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135
Mold Making and Resin Casting

When deciding on the amount of resin to use, you can rely on the same water principle that was discussed in the silicone section. However, as mentioned before, water and resin do not mix! Any moisture left in your mold will ruin your casting. So I use a different approach. Because I do a lot of casting of many different products, I have a multitude of molds on hand. So I usually try to mix up enough resin to fill multiple molds, or at least keep another large mold near by so if you have extra resin from the part you are making, you can just pour it into the "reserve" mold so it doesn't go to waste. I make many parts this way in multiple pours. That is, if I have any excess resin from the primary part I am making, it goes right into a reserve mold of another part, even over the top of cured resin. It is possible that new resin over cured resin may not form as strong a bond, but I have only had this problem once, where a part separated at two different pour lines. Unless you are dealing with a structural part, you don't need to worry about this. I stress though, if the part needs to be a structural member, do it in one pour.

OK, we have our molds ready to go from earlier. Let's mix some resin. Earlier I suggested the use of latex gloves because that is what the manufacturers recommend. I personally do not use them. I have had my hands covered (accidentally of course) in resin and have had no ill effects from it. I caution you though. If you do get resin on your bare skin, use the wiping rag you have handy to take care of it, finish the pour, then get to a sink and wash the affected skin immediately with soap and water. I should also mention that the resin I use has no odor or noxious fumes while setting so no mask system is needed. Most urethane resins are this way. Polyester and epoxy resins are another subject and we will not cover the hazards of such here.

Decide on the amount of resin needed to fill your molds and pour half that amount of part A and half of part B into separate mixing cups. It is VERY important that these amounts are identical (Fig 28).

Then combine these parts into one cup and mix thoroughly with a mixing stick. You should see no swirls of either part when mixed properly, that is, it will be a nice amber color when mixed (Fig 29). The cups will all be thrown away as once the resin cures, they are unusable. I do use both sides of a mixing stick though, so I get 2 mixes out of one stick.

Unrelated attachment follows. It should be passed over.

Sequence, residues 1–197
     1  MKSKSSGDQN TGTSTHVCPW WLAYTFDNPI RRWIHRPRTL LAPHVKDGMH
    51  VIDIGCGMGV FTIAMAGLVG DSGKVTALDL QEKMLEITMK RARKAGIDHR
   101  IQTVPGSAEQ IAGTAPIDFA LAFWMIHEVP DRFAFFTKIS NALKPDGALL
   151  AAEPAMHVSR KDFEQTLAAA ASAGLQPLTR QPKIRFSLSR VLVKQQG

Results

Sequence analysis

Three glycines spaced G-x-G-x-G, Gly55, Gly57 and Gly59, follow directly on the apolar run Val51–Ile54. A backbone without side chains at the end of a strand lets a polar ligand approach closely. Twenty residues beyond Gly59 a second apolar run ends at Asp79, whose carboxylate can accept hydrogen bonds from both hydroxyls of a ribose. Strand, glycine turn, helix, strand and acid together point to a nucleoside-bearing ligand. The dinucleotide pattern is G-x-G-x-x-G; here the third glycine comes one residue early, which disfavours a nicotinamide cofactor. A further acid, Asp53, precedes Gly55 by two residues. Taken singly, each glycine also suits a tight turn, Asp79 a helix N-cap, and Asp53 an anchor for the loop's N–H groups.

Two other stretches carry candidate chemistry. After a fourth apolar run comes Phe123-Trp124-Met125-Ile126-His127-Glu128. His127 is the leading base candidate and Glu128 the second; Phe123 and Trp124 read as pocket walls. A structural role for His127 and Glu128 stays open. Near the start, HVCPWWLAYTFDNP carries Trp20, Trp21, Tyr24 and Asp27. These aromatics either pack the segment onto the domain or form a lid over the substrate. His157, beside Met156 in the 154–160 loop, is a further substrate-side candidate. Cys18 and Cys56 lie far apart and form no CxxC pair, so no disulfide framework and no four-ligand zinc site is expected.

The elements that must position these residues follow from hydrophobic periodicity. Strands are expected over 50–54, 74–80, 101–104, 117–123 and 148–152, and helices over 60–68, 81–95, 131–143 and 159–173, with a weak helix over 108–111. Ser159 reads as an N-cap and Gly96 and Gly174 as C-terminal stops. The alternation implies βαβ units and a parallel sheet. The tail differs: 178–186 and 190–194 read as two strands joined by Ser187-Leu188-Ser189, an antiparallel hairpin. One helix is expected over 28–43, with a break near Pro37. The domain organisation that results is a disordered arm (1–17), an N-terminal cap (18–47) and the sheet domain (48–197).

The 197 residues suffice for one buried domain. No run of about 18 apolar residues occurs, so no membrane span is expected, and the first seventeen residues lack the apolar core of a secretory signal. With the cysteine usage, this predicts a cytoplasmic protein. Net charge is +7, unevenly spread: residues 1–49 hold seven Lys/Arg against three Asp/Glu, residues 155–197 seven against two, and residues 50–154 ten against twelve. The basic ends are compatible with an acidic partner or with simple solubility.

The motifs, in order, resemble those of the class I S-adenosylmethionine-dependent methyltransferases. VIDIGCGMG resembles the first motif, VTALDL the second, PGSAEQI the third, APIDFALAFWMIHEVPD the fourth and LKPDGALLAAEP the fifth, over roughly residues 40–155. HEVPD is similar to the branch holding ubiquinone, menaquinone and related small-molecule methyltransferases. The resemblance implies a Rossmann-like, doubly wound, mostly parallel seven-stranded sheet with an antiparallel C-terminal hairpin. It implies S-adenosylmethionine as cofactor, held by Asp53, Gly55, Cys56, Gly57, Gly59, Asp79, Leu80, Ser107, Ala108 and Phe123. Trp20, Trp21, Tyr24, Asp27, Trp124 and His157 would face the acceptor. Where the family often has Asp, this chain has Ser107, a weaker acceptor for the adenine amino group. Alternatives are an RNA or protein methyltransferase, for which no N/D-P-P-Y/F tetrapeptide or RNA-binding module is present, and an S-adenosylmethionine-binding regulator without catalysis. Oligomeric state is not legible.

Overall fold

• fig28
  • fig29

About the Author

About Steve Sherman (bowjunkie35)
FROM: IOWA, UNITED STATES

Steve is a freelance propmaker (the movie kind) and machinist. A former construction worker, he has been working with tools since childhood. He learned the construction/ metal fabrication business from his Father, so to follow in Dads footsteps was natural. Since leaving the construction industry, h...


Comments

Good informative article, very interesting. I've often considered making my own castings but have been deterred by the cost and lack of advice- at least one of those hurdles has now been addressed!
JAN 03, 2005 - 07:24 AM
Informative article, thanks, now maybe I can get rid of those lousy rubber/vinyl tires...... :-) :-) :-) :-)
JAN 03, 2005 - 08:23 AM
Yep, that is what I do also. It's in the article! Thanks Again guys for the compliments. LogansDad, I also use the 10:1 ratio RTV as it is more economical but much harder to use especially for someone just starting out. I used the 1:1 ratio RTV for the artivle for simplicities sake.
JAN 03, 2005 - 08:24 AM
Great article, Steve. I recently made my first attempts at molds and casting, and it seems like fun. Your info will help a lot. Thanks for all your hard work!
JAN 03, 2005 - 01:21 PM
I was trying to use the micro - mark info but it wasn't as awsome as yours. Now I might be able to do some stuff without ruining it., or waste money to just buy one part from a figure set. Thanks for the info. Happy Modeling
JAN 03, 2005 - 04:34 PM
Well thanks a million for sharing all these nice info with us . U really capture the whole procedure in a very good way amd very simpe to follow. Now i just have to come over there and get all the materials , rubber silicone and resin ...... Super nice article Costas
JAN 03, 2005 - 08:04 PM
hi Steve, thanks so much for the great article and very good photos. I felt reading a chapter of a modelling book more than a feature.it was very very helpful. congrats
JAN 03, 2005 - 11:40 PM
Just in time. I'm actually casting a couple of alice packs and German ww2 bergens.
JAN 05, 2005 - 01:25 AM
Wow!! You all are far too kind! It was really my pleasure, but the positive feedback is great. I am getting misty eyed! *tear* :-) :-) Again, Thanks for the comments, they do not go un-noticed!
JAN 05, 2005 - 03:43 AM
it's been said,but still...great info, very well presented, nice tone, am excoted about casting! Thank You!
APR 03, 2008 - 11:28 PM